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The Three Most-Asked Questions About New England

The Three Most-Asked Questions About New England
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Welcome to the December 2007 edition of “Jud’s New England Journal,” the rather curious monthly musings of Judson Hale, editor-in-chief of Yankee Magazine, published for over 70 years in Dublin, NH.

The Three Most-Asked Questions About New England

1. Where’s ‘Down East’ begin?
2. Why were bridges covered?
3. Were spring dance floors built to be that way?

I thought by now everyone knew the answers to these. But during this past year, I’ve received quite a few e-mails indicating that quite a few don’t. So, well, for a little Christmas present to those in doubt, here’s my take on all three.

Let’s start with “Down East.” Almost everyone knows the correct meaning in a nautical sense: When you’re sailing northeast along the coast of Maine, you’re almost always sailing with the wind, or downwind. Okay — but where exactly does the area called “Down East” begin?

Many equate the term with the entire coast of Maine. They maintain that it begins the second you cross the Piscataqua Bridge at Portsmouth, New Hampshire, heading north. However, the majority of New Englanders, myself included, think of Portland, Maine, as the very southernmost town or city Down East. Some purists argue that Camden or even Penobscot Bay is the starting point, but I’d call that area “way Down East”. Then, of course, Nova Scotia would become “way, way, way Down East.”

Now as to why bridges were covered and why some of the roofs were so high, I think I’ll refer to my late friend, Joe Allen of Vineyard Haven, Massachusetts. He used to answer reader questions in Yankee under the heading “Sayings of the Oracle.” Here, written a month before he died, is his last reply to the covered bridge question. Obviously, he was sick of the subject. It’s heretofore unpublished, because at the time we felt Joe was being overly cranky. Which he was. But here it is, verbatim.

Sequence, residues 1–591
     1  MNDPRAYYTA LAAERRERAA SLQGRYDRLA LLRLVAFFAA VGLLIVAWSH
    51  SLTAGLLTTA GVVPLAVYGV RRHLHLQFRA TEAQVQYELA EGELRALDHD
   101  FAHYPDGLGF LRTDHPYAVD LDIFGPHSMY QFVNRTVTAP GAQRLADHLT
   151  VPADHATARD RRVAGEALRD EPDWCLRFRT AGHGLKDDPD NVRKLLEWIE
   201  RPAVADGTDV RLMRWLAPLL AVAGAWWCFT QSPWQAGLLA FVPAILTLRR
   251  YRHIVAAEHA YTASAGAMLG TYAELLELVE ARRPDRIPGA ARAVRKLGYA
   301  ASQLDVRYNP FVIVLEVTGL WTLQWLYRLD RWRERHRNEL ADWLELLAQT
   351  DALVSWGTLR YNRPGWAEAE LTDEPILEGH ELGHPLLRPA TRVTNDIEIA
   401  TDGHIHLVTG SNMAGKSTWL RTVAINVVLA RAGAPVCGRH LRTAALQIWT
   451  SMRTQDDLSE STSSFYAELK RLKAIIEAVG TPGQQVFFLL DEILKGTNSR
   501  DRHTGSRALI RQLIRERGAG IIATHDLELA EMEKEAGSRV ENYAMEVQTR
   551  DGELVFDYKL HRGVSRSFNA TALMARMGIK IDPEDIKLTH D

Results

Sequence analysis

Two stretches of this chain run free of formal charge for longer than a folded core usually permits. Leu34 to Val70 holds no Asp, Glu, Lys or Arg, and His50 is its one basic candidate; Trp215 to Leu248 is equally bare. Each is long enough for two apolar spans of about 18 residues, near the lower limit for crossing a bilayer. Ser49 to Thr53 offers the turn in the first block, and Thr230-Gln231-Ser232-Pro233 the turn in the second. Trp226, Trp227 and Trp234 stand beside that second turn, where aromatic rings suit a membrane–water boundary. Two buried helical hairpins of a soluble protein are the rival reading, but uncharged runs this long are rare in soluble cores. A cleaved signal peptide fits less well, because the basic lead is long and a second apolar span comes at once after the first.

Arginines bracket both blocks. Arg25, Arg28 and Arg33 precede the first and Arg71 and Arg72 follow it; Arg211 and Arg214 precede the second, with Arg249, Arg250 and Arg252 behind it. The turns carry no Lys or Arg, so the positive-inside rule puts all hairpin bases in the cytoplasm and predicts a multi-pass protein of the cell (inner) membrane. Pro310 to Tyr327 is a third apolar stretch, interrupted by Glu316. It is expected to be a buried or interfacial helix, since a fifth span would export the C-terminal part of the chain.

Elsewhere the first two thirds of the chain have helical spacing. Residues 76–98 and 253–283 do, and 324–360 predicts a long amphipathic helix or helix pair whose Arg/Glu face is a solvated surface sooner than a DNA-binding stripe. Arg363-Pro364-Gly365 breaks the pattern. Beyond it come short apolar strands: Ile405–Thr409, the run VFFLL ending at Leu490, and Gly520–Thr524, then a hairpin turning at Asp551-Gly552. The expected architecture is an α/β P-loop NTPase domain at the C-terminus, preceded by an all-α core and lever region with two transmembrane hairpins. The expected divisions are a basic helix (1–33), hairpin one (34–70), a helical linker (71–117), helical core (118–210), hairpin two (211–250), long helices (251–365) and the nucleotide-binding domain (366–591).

“Jesus for Guard Almighty, we thought all hands knew by this time. Bridges were covered, damn fool, for the same reason women used to wear petticoats — to protect their underpinnings. Ever hear that wood rots when it gets wet? Your asinine suggestion that they were covered to keep snow off the road is dead wrong. In fact, I recollect throwing snow inside covered bridges after a snowstorm so our sleighs wouldn’t grind on the wood. As to the height of covered bridges, any simpleton would know it took some height to get a full hay wagon through.” Thanks, Joe.

Finally comes the question of spring dance floors. Were they made “springy” deliberately, or were they just the result of weak construction? Well, I had a conversation with Philip Baker of Antrim, New Hampshire, some years ago on this subject. Phil, a noted expert on historic-building restoration, had personally studied spring dance floor construction details during some of his company’s projects. His conclusion: Some were made deliberately and some were that way by accident.

He said the actual springing quality was created by the lack of support beneath the ballroom floor and/or the use of particularly springy timbers for the floor joists. He told me that the Jones Tavern in Weston, Massachusetts, had one of the very best spring dance floors, but like so many of them, it didn’t conform to present-day legal specifications and had to be reinforced, which removed the spring. The original Jones Tavern floor joists were made of 3×10-inch spruce — “a real whippy wood,” Phil said. Certainly that had to be deliberate. Phil and his fellow workers were amazed at how easily they could make the floor “pick up a lively rhythm.”

I’ve walked and bounced (I’m not much of a dancer) across the ballroom of the historic Hamilton House on 9 Chestnut Street in Salem, Massachusetts, and I’m convinced that the considerable spring of that floor in such an otherwise solidly constructed house was no accident.

Maybe next month I’ll address a few more often-asked questions. In the meantime, however, Merry Christmas, everyone.

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The Three Most-Asked Questions About New England

Updated Saturday, December 1st, 2007

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